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'Have you been to the gay graveyard?'


Meeting Mihai Pop in Romania
WD Snodgrass Poet
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I think I mentioned earlier a trip that… when I didn't go to Russia — couldn't go to Russia — because they had cancelled the cultural policy one year… they weren't very mad at us, it's clear, because all they cancelled was Hello, Dolly and me. In… then they called me in a coup… up in a couple weeks, and they said, 'How would you like to go to some of the small, eastern European countries? We… we could start out by sending you to Belgium, and then Hungary… or, and then Romania, then Hungary. And maybe we can get you into Czechoslovakia; we don't know. No… nobody's been able to get in there for some years. And… then… but then you'll come to the good part, and… and you'll go to Paris and Berlin and Portugal. May… maybe we can…' And well, how could… you know, who says no to a thing like this? I didn't even know the names of the capitals of these countries, many of them, or what… what the currency was or… or what language they spoke, any of this.

But anyhow, I… I went on this trip, and the first… the first country was Bulgaria. And I think I’d… I was the first American who had been… been in… had got into there for man… many years except for people who were in the consulate there. And then from there, I went up north to Romania. And of course, I'd known a lot of Romanians when I was kid… immigrants to the United States and so forth. But I didn't know anything about Romania or about its language. And when I got there, I… they said… they said, 'Oh we're terribly sorry'. Now, they couldn't mention Christmas then. But… but obviously, they were celebrating Christmas. And they had tree… decorated trees, and people wear… you know, they had… they didn't have Santa Claus; they had Father Christmas. And… and they said 'But it's… it's the vacation season, and all the poets are gone. And so we can't introduce you to the people at the Writer's Union'. I said, 'Well, that's fine'. You know, I've met a lot of poets. Some of them I liked; some of them I disliked. But we can't really discuss poetry because we don't speak the same language, and… and no interpreter's going to be able to get to the subtleties of this kind of thing. Tha… that's fine. They said, 'Well, what would you like to do while you're here?' I said, 'What I'd really like to do is meet some folk musicians'. I said I had started translating songs of one sort and another. As a matter of fact, I think I had already sort of taken a vow that… there were… there were so many American poets that were translating all kinds of fine poetry already, I thought may… maybe I should try to translate only songs because I have that background in music, and I… I want to sing, and so forth. And they said, 'Ok, yeah, we… but… but there's a problem. There's a… there's a very fine folk…' well, ok, I should say this.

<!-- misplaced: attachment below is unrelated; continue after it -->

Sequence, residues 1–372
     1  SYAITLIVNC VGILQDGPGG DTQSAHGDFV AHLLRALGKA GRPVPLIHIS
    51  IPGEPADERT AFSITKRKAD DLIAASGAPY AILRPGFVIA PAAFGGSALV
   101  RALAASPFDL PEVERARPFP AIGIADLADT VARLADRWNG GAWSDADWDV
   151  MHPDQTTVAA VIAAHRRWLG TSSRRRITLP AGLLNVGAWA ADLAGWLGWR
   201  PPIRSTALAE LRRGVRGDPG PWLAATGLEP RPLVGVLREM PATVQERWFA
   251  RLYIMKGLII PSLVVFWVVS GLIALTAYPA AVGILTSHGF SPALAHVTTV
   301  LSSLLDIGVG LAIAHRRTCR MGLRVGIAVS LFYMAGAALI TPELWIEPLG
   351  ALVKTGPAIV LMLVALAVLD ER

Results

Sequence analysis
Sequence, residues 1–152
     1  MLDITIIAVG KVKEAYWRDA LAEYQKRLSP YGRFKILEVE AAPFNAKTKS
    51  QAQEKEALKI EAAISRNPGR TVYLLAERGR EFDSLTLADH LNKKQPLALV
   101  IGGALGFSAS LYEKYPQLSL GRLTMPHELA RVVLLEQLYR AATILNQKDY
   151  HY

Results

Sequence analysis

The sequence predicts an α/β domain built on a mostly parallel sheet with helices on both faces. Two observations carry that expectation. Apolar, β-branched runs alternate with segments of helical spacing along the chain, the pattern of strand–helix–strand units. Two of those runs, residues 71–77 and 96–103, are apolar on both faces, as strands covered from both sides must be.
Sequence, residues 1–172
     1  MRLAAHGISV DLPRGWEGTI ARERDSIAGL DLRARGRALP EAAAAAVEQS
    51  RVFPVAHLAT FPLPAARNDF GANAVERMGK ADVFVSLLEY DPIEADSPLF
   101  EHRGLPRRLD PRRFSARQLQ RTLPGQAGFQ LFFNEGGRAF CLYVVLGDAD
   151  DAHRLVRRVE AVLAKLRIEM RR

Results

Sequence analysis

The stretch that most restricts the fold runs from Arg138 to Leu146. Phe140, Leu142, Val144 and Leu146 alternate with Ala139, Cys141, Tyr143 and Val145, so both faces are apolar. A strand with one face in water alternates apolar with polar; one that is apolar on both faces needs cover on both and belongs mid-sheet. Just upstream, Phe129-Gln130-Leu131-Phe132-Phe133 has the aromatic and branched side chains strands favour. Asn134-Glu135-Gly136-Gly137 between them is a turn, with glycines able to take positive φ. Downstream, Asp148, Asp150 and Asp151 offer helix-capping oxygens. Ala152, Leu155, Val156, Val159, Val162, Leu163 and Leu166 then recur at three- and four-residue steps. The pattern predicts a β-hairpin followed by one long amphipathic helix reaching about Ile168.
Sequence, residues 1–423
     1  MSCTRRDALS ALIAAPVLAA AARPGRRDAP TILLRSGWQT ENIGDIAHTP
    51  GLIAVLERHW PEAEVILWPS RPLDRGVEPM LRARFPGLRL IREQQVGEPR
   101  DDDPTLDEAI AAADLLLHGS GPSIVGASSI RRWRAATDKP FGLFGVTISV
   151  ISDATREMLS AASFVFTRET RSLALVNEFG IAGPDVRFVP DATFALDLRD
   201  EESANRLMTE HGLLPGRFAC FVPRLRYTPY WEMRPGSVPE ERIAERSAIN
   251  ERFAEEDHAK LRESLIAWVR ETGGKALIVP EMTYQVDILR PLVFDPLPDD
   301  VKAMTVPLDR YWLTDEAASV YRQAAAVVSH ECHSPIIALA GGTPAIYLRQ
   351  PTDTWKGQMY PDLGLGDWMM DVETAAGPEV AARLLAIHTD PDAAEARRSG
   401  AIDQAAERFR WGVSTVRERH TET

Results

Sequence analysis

The Hungarians adore the classical arts and classical music. And many of the greatest supposedly German comp… composers and conductors are really Hungarians… Fritz Reiner, just, you know, one after another. They… they probably grew up in… in Hungary, but in a German family and… and following, you know, the German arts. The folk arts mean that much to the Romanians. And they said, 'the… there's a wonderful folk institute here, and the head of it is a Dr Pop — Mihai Pop — but… and…and I'm sure he would love to talk to you. But if we apply, it'll take six months for an ok to come through, and… and you'll be gone from here, you know, a thousand miles, several thousand miles away. Instead, one morning, you just walk over there as if you didn't know any better and knock on the door’ which… which I did. And the… the lady who answered the door was really nonplussed. She… I… I said, 'I… I'd like to speak to Dr Pop. I'm an American poet'. I don't know whether she understood this… much of this. But she took me indoors and sent me down in a hall, and she went into his office. And pretty soon, she came out with him speaking perfect English, delighted to talk to me, you know, wonderfully learned and warm and lively. I came out carrying two enormous piles of books, like, books and records and music and all… all this kind of stuff. I mean, it… it was just a grand experience. And it's wonderful to have met him. He's dea… dead now for many years.

American poet WD Snodgrass, entered the world of poetry with a bang winning several awards, including the Pulitzer Prize, for his first collection of poetry, Heart's Needle. A backlash followed his controversial fifth anthology “The Fuehrer Bunker”, but in recent years these poems have been reassessed and their importance recognised.

Listeners: William B. Patrick

William B. Patrick is a writer and poet who lives in Troy, New York. Among his work are the poetry volumes "We Didn't Come Here for This" and "These Upraised Hands", the novel "Roxa: Voices of the Culver Family" and the plays "Rescue" and "Rachel's Dinner". His most recent work is the non-fiction book "Saving Troy", based on the year he spent following the Troy Fire Department.

Mr. Patrick has been Writer-in-Residence at the New York State Writers Institute and has taught at Old Dominion University, Onondaga Community College, and Salem State College, and workshops in Screenwriting and Playwriting at the Blue Ridge Writers Conference in Roanoke, Virginia. He has received grants from the Academy of American Poets, the National Endowment for the Arts, the Massachusetts Artists Foundation, and the Virginia Commission for the Arts.

Tags: Russia, Hello, Dolly, Eastern Europe, Belgium, Hungary, Romania, Czechoslovakia, Paris, Berlin, Portugal, Bulgaria, USA, Writer's Union, folk music, Fritz Reiner, Mihai Pop

Duration: 5 minutes, 35 seconds

Date story recorded: August 2004

Date story went live: 24 January 2008